Once a year (it seems) I hit the stores in search of pants. It's generally pants I'm after because I pick up plenty of tops at Costco (good prices, designer labels but no dressing rooms) or I make my own. But pants are hard to fit and although I have plenty of patterns and enough fabric to clothe a small nation, I've only sewn one pair of wearable pants and now they're not wearable because I've lost weight since then. I guess I prefer spending hours trying on dozens and dozens of pants to find one that fits instead of spending the time making and altering a muslin and then, of course, sewing the pants. So last night I ventured out to the local mall. Macy's was my first stop.
The first thing that hit me was bright pink...and bright green...and bright blue. Bright colors are "in." At least that's what the Macy's buyers think. And this was not just in the junior department, the comfortable-elasticized-pants department was also inundated with the brights. I was dismayed that this local Macy's carried only bare bones designer collections and nothing high end. I wanted some nice looking and well-fitting pants and was prepared to spend some cash for them. Instead I had to search through the disheveled racks of made-up designer names. Nothing I tried on fit. Nothing. Most of the fit problems were caused by my usual problem area - hips. But some of the pants were just plain weirdly cut, although I suppose they may fit someone. Cropped pants are everywhere despite making most women look stumpy. I tried on a pair and laughed out loud. The three inch wide waistband coupled with the short length made me look about 5 feet wide. The bright green color didn't help (I was hoping to match the twisty-top I made, ok?).
So I left Macy's behind and headed for the one "designer" store in the mall: Ann Taylor Loft. I was pleasantly surprised at the selection and prices. They had their share of bright pinks, greens, and blues too so it's not just the Macy's buyers I'm afraid. There were also lots (lots!) of cropped pants. Between the sale rack and the rest of the store I must have tried on at least 20-25 pairs. One made the final cut. One. And I wasn't all that happy with the buttoned front pockets but they fit and the price was reasonable. Apparently there was an additional sale because they rang up at $14.99. Can you believe it? I spent more at Target buying socks and a plain white T-shirt. It's too bad more pants didn't fit at the Loft. Many pants were close to fitting, but I knew that despite how much I wanted to believe they fit, the drag lines in the front clearly meant I needed a bit more fabric in the hips. I wouldn't sew up fashion fabric if the muslin fit like that so I couldn't buy the pants. Even if they were also $15. But when I look at the Loft website, most of the pants on the stick-thin models have those drag lines. What's up with that? It could be the fabric too. I noticed that most of the pants were of very thin fabric, which is unforgiving and in my opinion unattractive unless the fabric is allowed to flow over the hips and butt. There was no flow of fabric over my hips and butt.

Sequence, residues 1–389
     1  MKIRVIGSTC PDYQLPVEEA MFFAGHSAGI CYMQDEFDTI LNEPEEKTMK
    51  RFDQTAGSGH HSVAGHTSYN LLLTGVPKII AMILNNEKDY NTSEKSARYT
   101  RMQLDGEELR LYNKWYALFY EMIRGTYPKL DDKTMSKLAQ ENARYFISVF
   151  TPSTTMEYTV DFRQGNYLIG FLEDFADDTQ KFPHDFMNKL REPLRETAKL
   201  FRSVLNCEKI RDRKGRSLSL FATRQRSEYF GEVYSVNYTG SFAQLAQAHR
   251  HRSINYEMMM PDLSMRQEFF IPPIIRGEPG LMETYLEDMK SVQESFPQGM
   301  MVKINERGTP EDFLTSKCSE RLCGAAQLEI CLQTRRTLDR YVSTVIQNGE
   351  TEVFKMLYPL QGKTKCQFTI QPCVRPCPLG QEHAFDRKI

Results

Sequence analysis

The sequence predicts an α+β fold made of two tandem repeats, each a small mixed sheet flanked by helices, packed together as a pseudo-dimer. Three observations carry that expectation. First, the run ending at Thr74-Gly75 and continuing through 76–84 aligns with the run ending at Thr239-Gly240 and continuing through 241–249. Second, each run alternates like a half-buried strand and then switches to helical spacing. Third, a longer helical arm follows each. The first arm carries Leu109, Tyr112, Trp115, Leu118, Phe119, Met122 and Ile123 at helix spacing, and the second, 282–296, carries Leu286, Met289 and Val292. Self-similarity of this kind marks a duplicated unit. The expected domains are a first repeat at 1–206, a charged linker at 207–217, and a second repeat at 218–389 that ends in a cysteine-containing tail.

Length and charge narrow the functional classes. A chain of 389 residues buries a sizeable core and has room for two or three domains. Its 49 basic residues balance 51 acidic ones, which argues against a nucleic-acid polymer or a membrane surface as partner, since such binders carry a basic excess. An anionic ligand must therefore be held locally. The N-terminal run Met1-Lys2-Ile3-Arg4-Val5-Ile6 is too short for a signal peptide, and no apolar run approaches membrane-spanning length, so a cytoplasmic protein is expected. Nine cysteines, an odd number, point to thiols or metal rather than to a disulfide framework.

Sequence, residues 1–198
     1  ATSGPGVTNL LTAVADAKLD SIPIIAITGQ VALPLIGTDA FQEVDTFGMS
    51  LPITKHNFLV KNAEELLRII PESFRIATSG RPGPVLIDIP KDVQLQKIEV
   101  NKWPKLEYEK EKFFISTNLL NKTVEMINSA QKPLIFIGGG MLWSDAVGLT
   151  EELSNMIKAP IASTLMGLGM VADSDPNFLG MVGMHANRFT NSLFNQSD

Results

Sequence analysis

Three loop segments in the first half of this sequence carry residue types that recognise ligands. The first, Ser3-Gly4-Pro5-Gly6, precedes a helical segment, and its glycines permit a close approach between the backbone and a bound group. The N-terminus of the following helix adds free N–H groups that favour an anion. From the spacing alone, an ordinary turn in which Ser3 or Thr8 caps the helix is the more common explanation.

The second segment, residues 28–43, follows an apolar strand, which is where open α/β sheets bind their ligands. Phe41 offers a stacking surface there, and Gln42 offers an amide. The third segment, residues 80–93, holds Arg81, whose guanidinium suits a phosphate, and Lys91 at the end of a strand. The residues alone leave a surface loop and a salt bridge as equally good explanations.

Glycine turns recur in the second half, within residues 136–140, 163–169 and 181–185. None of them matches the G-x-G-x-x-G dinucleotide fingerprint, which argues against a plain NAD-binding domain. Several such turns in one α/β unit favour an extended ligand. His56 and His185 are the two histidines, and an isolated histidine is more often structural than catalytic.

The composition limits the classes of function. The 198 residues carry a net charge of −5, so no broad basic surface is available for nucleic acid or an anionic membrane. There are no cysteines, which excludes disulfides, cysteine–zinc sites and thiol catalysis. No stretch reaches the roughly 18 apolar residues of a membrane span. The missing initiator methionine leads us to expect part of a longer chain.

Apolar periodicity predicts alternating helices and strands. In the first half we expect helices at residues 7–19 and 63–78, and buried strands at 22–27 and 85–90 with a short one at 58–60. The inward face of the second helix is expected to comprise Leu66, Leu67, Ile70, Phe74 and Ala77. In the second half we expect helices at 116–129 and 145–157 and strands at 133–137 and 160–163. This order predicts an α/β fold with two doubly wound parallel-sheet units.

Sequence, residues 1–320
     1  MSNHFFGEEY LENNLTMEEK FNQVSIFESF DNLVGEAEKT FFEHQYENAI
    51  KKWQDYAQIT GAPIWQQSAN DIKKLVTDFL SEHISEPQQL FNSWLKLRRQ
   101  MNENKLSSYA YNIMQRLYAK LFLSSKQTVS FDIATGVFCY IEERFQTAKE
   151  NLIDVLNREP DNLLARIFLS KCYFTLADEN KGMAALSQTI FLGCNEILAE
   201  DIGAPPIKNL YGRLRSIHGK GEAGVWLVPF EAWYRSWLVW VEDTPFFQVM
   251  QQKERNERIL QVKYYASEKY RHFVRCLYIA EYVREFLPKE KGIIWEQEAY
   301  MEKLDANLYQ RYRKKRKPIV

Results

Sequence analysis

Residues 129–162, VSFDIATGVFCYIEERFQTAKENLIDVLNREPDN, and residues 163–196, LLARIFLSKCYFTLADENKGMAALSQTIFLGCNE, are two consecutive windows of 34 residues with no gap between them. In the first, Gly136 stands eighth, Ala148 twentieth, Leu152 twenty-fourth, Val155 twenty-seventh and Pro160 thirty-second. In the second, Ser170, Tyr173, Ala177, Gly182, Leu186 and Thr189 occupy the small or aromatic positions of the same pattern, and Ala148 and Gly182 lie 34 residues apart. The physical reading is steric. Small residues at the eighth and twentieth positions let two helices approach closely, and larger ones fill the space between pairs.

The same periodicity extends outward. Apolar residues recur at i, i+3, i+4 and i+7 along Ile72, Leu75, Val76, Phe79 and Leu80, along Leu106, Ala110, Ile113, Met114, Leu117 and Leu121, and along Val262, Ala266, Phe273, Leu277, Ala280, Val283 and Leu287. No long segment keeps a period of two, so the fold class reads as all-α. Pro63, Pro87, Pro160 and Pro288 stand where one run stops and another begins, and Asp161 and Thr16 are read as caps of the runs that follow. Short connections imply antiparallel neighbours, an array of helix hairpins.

The other frustrating thing about clothing shopping is seeing all the items I could "easily" make. How can I justify buying something when I have the similar fabric and pattern? I was thrilled to see that my twisty top is right in fashion (thank you Burda WOF magazine!). So too was the fabric I chose. So that was good, even if the pants-buying was not.